Since it's unlikely to get 45% of all internet subscribers, consider a reasonable subset of them such as just America/Europe subscribers. However, if it were $50 and I had access to every movie/TV show ever made, I'd pay that every month, and they would probably only need the America/Europe market. Maybe an extra $20/mo for access to 'new releases' provided they were available on the standard plan after maybe 60 (90?) days. They could even do an extra 'HD' surcharge of $20-$30/mo I used to pay more than that for cable and only got access to whatever the channels were running at that time (maybe time-shifted with a DVR, but still required them to run it at some point while my DVR was recording and still had to deal with commercials). I would definitely pay that for access to everything that I could easily search and select from a list and instantly start watching something.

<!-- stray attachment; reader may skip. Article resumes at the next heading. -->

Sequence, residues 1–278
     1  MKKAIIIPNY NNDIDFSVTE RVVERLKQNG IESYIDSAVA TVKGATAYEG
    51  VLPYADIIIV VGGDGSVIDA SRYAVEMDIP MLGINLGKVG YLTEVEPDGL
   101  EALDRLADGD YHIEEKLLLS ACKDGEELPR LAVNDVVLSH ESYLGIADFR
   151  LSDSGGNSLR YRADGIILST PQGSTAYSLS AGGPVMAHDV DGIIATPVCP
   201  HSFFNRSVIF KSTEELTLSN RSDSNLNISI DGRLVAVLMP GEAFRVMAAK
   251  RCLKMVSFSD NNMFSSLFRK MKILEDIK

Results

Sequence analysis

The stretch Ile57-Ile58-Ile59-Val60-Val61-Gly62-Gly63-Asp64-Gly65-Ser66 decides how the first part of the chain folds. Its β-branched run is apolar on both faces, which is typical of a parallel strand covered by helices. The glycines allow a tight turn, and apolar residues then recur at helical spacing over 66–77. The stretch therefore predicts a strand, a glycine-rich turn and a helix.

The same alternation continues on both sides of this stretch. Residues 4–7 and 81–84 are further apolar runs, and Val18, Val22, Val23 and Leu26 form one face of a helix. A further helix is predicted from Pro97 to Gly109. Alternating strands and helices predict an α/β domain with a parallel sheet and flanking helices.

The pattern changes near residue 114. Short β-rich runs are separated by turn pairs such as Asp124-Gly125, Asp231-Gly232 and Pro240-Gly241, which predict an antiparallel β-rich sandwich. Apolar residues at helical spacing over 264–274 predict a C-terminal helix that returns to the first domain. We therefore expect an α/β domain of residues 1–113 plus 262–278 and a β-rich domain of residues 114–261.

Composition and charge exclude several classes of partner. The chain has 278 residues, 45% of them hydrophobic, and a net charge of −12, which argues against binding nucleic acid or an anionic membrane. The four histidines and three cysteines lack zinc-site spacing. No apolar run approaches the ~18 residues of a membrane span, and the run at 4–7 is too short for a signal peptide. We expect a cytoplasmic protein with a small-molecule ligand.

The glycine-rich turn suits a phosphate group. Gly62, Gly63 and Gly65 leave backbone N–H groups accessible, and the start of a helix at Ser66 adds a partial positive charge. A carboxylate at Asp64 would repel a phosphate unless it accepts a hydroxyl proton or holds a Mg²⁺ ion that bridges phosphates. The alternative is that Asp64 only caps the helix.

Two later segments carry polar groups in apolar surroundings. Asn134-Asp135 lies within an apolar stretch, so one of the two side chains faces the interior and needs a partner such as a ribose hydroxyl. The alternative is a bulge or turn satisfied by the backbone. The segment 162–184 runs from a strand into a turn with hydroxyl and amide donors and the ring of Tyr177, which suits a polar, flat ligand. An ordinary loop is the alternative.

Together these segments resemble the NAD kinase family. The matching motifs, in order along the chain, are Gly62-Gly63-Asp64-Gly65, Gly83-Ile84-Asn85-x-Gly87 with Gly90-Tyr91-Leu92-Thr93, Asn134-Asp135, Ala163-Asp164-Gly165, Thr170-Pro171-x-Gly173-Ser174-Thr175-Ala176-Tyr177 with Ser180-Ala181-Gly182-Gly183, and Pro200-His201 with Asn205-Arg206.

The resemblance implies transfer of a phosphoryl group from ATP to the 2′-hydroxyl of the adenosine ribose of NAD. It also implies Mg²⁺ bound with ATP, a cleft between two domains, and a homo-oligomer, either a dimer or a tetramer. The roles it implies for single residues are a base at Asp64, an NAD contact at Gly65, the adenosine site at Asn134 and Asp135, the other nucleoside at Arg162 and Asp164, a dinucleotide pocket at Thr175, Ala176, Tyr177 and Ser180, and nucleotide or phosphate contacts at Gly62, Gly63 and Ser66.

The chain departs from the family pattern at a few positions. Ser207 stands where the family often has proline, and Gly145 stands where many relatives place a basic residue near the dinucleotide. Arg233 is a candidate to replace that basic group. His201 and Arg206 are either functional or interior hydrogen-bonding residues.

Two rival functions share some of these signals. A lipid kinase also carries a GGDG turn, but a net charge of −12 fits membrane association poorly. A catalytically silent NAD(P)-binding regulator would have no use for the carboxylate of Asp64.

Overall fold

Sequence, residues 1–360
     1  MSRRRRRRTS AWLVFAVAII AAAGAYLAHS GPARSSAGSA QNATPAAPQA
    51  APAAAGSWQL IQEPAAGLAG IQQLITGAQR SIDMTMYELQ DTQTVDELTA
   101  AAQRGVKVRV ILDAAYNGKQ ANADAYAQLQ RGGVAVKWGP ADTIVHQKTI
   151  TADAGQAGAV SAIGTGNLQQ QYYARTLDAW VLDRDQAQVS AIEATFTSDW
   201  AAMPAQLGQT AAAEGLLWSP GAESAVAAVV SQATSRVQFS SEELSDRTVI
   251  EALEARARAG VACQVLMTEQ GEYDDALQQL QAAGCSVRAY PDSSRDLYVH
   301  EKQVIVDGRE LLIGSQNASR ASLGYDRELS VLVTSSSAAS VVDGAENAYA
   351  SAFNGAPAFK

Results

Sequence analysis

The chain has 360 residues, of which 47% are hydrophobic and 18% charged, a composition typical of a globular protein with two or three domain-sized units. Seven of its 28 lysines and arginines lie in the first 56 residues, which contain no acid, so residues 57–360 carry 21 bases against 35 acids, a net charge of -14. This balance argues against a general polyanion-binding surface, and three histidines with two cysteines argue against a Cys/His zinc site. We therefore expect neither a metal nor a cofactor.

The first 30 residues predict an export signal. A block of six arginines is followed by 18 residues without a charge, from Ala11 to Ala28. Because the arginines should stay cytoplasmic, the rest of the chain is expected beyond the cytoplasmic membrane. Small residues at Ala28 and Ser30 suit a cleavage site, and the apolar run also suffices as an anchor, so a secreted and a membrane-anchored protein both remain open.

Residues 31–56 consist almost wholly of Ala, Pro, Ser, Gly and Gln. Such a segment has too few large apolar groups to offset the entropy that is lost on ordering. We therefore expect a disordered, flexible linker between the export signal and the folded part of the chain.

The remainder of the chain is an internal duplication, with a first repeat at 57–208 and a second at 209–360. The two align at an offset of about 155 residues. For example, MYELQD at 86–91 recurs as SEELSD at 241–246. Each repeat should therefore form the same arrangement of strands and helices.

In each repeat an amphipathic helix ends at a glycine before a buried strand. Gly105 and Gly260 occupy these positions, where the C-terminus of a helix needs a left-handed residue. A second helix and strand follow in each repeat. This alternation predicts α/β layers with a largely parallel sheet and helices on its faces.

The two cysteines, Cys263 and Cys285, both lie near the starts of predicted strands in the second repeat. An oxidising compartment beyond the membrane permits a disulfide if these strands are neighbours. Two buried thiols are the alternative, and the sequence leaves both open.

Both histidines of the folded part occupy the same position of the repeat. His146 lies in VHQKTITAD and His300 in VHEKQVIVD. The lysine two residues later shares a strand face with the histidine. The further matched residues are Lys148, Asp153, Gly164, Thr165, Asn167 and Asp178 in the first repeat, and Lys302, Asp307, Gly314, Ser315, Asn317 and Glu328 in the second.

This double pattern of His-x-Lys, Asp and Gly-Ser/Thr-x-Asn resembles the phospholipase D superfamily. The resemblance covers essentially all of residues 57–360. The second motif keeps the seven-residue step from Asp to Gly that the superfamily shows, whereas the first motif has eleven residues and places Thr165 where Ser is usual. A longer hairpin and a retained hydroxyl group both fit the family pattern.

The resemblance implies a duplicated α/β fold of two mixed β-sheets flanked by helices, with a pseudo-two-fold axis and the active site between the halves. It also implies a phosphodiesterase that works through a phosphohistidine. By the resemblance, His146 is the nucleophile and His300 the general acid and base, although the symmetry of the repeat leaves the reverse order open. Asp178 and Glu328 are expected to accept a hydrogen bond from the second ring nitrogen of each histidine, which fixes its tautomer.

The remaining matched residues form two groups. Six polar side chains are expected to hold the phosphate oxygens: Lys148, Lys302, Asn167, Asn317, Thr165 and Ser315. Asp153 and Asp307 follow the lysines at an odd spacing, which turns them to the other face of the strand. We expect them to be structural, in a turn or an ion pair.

Netflix Instant is nice and all, but it doesn't have the best selection. I've found most of the streaming sites (Netflix Instant, Hulu Plus, and Amazon Prime), all have about the same stuff. I stream a lot from home, but we always run the risk that the streaming provider could drop a show I like at any point. I think paying a premium to ensure it's always available and that everything ever made is available, is worth it.

Obviously, this is an amazing idea that would revolutionize media content for this new internet age, which means it will never happen.

$15 per month... per service (3, Insightful)

MDMurphy (208495) | about 8 months ago | (#46058413)